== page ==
“Being alone, or feeling like you are alone, probably increases the risk for many diseases by about 30 percent,” according to Julianne Holt-Lunstad, associate professor of psychology and neuroscience at Brigham Young University. Research published in the journal Heart found that people who are isolated or feel lonely have a significantly higher heart disease risk compared to those who felt well connected. But, if you are feeling lonely now, it doesn’t mean it’s too late to get support and possibly lower your risk.

Isolation and heart disease

Researchers gathered data from 23 different studies that encompassed 180,000 adults. The studies assessed levels of isolation and loneliness. After between three and 21 years, researchers followed up to see if participants had developed heart disease. Those who reported feeling lonely had a 29 percent higher risk of heart disease and a 32 percent higher risk of stroke. Loneliness was associated with not only heart disease, but also high blood pressure, being overweight, cognitive decline, and even an increased risk to die at a young age.

It’s unclear why loneliness would be linked to such heightened risks, but some researchers suspect it might have to do with factors such as having a poor diet, not exercising, insufficient sleep, or being less likely to take prescribed medicine and stay up to date on doctor visits because the person does not have another person holding them accountable.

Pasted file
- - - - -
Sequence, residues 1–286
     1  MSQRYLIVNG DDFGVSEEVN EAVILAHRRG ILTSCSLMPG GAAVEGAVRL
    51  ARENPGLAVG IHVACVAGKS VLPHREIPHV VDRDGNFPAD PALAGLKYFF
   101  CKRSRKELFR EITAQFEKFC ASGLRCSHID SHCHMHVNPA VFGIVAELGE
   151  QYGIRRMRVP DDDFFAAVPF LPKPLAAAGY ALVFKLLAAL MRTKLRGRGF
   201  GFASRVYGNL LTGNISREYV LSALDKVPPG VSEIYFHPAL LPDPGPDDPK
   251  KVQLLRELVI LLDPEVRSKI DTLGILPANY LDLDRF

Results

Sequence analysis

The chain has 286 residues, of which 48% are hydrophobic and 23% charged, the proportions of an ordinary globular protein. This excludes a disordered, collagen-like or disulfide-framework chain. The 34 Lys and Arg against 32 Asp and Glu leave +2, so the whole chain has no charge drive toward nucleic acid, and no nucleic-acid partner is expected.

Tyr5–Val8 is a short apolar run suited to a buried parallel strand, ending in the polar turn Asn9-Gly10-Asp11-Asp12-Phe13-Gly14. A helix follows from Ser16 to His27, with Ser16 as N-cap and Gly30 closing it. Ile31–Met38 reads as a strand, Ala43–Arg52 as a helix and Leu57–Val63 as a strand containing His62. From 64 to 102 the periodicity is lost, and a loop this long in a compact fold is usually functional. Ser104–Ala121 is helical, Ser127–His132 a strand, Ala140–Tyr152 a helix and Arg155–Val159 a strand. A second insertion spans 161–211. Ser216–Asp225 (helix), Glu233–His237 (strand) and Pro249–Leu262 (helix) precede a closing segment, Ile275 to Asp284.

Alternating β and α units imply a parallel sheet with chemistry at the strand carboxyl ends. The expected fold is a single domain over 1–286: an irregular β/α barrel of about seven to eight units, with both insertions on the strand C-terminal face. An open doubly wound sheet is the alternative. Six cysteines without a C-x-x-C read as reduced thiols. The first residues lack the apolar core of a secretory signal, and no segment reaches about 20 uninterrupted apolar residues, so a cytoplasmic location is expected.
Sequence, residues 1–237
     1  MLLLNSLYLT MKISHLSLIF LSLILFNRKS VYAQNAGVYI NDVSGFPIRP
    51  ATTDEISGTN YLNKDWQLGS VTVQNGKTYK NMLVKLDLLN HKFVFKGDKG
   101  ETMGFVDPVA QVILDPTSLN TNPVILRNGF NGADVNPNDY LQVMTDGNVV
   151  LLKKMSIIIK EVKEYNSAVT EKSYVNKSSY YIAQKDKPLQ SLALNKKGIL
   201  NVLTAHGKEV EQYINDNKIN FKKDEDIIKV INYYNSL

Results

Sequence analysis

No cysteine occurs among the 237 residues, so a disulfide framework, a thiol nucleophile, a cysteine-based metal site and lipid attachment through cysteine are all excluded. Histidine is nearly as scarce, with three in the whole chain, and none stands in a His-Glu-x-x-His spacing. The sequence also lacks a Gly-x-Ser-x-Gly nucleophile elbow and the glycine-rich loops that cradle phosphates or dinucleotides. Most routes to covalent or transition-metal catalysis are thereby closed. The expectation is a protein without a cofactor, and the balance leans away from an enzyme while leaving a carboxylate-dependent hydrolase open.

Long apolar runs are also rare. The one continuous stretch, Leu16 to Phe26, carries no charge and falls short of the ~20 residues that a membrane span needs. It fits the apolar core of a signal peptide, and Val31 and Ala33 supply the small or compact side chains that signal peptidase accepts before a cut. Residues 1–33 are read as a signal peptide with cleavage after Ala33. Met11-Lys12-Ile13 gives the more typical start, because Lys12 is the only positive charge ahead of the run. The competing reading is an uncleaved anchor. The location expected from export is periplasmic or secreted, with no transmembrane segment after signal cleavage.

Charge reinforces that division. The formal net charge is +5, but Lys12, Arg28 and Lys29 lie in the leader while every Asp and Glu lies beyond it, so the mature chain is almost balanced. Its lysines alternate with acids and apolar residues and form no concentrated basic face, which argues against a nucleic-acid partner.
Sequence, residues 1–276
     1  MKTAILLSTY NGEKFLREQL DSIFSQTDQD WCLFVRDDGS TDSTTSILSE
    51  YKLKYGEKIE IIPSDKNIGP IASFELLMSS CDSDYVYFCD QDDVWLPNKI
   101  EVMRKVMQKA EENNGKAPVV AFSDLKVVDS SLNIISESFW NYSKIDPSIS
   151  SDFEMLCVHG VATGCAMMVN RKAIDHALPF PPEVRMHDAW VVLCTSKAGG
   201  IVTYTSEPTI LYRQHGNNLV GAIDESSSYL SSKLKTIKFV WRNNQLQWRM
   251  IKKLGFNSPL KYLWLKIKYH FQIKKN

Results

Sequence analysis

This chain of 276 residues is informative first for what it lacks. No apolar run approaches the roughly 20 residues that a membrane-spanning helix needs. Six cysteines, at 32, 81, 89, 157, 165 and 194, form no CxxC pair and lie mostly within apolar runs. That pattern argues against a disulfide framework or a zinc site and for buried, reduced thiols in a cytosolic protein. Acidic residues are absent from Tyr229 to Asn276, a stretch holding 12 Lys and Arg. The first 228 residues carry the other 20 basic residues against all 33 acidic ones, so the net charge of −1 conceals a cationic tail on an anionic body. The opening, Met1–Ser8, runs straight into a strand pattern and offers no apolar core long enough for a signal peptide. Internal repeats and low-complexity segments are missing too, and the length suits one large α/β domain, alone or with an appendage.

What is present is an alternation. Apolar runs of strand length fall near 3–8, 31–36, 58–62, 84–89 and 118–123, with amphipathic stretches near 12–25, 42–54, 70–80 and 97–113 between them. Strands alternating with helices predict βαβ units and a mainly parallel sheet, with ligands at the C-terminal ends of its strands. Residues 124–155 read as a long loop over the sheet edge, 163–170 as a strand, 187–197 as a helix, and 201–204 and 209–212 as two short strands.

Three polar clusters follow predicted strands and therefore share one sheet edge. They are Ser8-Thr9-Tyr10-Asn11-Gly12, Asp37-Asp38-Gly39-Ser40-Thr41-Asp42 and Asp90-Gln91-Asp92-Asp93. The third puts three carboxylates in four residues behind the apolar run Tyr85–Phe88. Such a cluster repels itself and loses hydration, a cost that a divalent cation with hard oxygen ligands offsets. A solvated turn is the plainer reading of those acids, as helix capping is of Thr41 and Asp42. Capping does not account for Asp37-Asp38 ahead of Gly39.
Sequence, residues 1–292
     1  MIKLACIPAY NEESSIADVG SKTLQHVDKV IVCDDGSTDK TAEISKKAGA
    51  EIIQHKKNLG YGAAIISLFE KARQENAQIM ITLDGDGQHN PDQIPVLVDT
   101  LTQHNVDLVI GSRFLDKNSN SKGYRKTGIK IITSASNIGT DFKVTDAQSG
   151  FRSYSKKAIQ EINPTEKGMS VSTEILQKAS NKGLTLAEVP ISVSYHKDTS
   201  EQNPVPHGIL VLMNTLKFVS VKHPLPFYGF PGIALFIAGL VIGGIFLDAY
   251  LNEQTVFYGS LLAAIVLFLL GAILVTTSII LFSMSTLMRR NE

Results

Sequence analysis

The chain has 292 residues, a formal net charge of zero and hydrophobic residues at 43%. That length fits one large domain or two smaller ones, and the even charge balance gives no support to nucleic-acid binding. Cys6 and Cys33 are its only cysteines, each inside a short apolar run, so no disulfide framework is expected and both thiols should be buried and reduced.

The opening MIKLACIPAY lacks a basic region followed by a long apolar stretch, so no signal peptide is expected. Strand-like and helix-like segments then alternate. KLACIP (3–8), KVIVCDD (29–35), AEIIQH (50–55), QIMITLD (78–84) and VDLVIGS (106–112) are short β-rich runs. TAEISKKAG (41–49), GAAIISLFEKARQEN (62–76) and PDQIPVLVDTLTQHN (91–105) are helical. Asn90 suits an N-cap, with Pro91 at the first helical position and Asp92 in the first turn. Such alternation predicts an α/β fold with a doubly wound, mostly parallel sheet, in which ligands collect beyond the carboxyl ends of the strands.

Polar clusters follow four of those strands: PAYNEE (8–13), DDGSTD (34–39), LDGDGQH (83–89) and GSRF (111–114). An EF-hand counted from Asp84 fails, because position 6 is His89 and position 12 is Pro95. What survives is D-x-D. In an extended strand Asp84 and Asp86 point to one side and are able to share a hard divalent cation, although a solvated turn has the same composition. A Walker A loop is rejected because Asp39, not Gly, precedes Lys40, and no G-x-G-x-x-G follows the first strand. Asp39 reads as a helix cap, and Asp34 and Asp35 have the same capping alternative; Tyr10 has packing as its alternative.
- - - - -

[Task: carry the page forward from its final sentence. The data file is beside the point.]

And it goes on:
Developing a support system

If you are reading this, you are here on Heart Connect, so you’ve already taken a positive step toward developing a support system. It might not be easy to meet others in your day-to-day life who understand your situation, but other people on Heart Connect live with a chronic condition, so they understand how it can affect your life. Starting by reaching out to others and developing a support system in online forums can be less intimidating for some than a support group that meets in person.

If you want to learn how to meet people who can support you, try talking to a therapist about how to improve your social skills. A therapist may also connect you with a group therapy program where you can meet other people in your same situation. If you feel outgoing, you might also look for volunteer opportunities or social programs that help connect you to other people in your community.

Nobody wants to hear that on top of being lonely, they are also more likely to develop heart disease. Find support from people online or in your community who encourage you to take care of yourself and live your best life.

How did you develop your support system? Share with the community and connect with others in the comments below.